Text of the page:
There’s nothing particularly groundbreaking about the ideas in this post, just some recent thoughts reminding me of one of the lessons I learned earlier in life: consistent hard work in small steps is a way to accomplish seemingly impossible goals over time.
It’s one of the few universal lessons I learned from graduate school and from my hammer throw coach, and by far the most valuable. When you face an insurmountable problem, it is indeed insurmountable if you try to solve it all at once. The Getting Things Done movement provides some useful techniques for how to not get distracted and manage these steps, but it’s doing the steps themselves that matter.
For example, about 15 months ago, I was tired of my 10-year-long struggle to slim down after bulking up during my days of hammer throw. I decided that every single day, I would plan to workout, I would drink even more water, and I would eat in a slightly less conventional manner. Life would occasionally get in the way (as it always does), but rather than planning days off from working out, I would plan to always work out unless something major interfered, and even on those days, find a way to stay active, or even do very basic yoga movements and other stretches on long airplane flights. Basically anything to keep it going.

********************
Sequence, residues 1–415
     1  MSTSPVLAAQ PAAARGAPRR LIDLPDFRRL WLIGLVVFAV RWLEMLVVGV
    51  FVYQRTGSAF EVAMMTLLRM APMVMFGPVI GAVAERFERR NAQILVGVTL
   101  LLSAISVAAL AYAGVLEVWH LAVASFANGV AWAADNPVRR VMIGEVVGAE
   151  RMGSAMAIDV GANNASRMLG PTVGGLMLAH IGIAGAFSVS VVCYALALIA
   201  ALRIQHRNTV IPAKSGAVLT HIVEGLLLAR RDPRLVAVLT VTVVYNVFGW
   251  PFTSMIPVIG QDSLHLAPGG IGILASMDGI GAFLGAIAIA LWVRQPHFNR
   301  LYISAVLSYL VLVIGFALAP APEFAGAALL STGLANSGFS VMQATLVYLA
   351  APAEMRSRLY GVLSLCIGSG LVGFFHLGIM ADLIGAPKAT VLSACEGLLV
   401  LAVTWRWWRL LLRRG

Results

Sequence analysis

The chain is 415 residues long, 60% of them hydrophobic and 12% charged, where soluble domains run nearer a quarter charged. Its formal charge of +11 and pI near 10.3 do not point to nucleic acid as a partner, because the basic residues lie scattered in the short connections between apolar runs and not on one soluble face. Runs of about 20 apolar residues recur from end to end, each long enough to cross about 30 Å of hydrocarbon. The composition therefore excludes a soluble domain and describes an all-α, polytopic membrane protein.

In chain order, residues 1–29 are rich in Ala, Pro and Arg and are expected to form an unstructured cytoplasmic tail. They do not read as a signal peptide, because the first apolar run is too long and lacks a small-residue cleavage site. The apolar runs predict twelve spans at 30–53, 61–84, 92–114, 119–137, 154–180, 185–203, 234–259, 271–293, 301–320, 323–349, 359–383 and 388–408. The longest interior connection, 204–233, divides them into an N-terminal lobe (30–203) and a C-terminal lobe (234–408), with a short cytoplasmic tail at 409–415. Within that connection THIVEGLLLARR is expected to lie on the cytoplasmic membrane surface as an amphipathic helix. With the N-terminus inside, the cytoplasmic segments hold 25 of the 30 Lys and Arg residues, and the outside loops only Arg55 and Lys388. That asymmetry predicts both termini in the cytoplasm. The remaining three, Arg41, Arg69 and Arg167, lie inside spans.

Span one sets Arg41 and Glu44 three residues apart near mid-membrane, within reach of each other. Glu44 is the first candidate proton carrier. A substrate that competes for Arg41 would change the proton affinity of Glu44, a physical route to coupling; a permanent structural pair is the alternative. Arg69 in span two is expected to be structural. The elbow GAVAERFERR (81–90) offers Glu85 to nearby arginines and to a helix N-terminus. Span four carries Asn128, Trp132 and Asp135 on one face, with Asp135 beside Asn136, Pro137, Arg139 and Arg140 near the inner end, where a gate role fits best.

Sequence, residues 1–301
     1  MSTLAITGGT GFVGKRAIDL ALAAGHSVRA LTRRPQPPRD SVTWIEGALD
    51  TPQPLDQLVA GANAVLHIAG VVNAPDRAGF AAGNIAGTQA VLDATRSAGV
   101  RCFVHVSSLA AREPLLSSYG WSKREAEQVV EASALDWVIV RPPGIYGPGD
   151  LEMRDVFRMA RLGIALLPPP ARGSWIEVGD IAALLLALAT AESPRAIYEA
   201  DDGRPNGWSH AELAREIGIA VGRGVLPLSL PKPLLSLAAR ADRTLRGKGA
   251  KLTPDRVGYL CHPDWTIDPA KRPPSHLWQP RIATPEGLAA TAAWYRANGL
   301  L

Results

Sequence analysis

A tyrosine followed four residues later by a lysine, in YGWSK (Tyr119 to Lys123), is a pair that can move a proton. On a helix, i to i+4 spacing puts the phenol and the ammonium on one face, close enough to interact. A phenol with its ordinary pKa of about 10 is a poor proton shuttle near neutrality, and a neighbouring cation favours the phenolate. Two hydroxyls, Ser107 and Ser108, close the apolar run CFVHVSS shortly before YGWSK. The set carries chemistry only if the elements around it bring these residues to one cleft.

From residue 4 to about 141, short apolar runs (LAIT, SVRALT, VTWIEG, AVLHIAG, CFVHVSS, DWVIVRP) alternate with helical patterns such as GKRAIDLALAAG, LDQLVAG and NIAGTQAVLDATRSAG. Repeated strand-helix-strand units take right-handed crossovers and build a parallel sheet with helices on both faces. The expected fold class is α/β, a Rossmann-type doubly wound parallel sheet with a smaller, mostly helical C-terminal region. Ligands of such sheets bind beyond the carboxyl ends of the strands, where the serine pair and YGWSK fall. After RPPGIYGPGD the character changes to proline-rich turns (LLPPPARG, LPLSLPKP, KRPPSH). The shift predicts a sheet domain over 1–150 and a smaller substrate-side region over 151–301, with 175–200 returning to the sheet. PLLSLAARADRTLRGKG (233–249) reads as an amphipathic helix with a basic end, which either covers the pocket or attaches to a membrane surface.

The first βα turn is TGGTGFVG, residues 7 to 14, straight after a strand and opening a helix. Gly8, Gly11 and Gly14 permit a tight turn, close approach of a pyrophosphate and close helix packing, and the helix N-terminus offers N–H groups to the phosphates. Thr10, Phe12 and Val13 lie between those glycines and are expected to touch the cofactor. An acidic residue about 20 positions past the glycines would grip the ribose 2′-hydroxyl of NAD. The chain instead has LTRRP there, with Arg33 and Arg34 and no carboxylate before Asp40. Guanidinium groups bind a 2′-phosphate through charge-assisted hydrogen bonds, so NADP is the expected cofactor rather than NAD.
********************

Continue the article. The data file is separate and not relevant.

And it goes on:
The result: 50+ pounds lost (~23kg for the rest of the world), 11 inches (28cm) off the waist, a body mass index roughly half what it was on February 1, 2010, and a closet of clothing that doesn’t fit.
This approach applies to almost everything you do in life, from learning to do yoga or meditating, to planning a large trip, or to business problems like solving a large technical challenge, revamping a service, planning a conference talk, etc. It’s the commitment of making a subtle change or putting in some amount of effort every day, and reducing the impossible into a set of very small doable steps that makes the biggest impact.
For more challenging problems, many people insist on solving the hardest problems first. In some cases this is true because if you have a truly unsolvable problem given your constraints, you’ll do a lot of busy work for naught. That said, few problems are truly unsolvable, and so if you mix easily solvable problems with your more difficult challenges, the positive momentum often helps you complete the difficult portions more easily due to your ongoing confidence and success.
For Facebook readers, this post was originally from http://dylanschiemann.com/2011/06/05/small-steps-create-big-changes/.